Perhaps the shooting spree we’ve been living – or dying for – should be given more life in areas like presidential races. Not the Jeb bush kind where “Islamic terrorism that wants to destroy our way of life, wants to attack our freedom” Or “they’ve declared war on us. We need to declare war on them”.  We must declare war on our fascination with gun violence, on our mostly white male, suburban gun owners and shooters. War on our toxic culture of masculinity that fosters the destructive narrative of one winner and a whole lot of losers. It behooves America to look at the other countries which have been able to curb or eradicate gun violence. In 1996 in Scotland a gunman shot 16 children at school, and the public outcry the following year made the British gov’t ban private ownership of automatic weapons and handguns on British mainland. In Australia of the same year after a massacre by guns, sweeping gun control laws were passed. In such places, although the natural instinct is to arm oneself, self-defense does NOT count as a valid reason to have a gun, post 1996.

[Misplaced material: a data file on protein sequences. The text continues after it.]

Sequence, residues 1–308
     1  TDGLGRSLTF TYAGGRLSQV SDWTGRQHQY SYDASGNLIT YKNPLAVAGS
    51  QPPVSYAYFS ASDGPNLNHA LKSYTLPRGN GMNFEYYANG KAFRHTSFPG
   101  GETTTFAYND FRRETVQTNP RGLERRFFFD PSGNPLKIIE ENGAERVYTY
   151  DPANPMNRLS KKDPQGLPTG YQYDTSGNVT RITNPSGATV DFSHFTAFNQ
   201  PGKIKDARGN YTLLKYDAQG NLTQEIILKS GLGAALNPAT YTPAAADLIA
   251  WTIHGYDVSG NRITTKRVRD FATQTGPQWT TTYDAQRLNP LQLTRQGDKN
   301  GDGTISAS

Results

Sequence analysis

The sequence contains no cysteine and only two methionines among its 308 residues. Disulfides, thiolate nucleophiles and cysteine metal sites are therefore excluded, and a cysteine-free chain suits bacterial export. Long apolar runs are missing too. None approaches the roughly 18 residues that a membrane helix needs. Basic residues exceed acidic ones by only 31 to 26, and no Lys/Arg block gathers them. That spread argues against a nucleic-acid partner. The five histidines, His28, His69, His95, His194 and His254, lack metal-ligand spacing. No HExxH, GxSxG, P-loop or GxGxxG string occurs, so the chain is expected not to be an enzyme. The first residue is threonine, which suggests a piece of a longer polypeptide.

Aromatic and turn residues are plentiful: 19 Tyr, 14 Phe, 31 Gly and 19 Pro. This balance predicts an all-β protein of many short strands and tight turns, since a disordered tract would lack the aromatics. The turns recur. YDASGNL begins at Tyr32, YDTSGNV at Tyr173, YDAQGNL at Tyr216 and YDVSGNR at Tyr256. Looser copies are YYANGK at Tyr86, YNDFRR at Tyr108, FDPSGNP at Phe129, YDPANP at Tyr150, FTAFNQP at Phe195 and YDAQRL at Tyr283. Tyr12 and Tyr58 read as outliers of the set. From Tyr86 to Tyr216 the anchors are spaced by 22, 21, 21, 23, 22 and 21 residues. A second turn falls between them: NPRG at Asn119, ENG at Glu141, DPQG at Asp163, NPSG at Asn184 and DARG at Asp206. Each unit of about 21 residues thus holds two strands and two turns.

If our constitution requires everyone to bear arms including psychos, mentally ill & other criminal minds , then we need a new one, like Australia & Scotland. Vigilantism is not a constitutional right, and when someone loses a child or any loved one s/he doesn’t care about people’s sympathy or eulogy; s/he just wants those who can do something to get to work and do something!”

Guns-Dont-Kill-People

Thought of the day: if your constitution requires psychos/criminals to bear arms and kill, then you need a new constitution because guns kill. Alllivesmatter.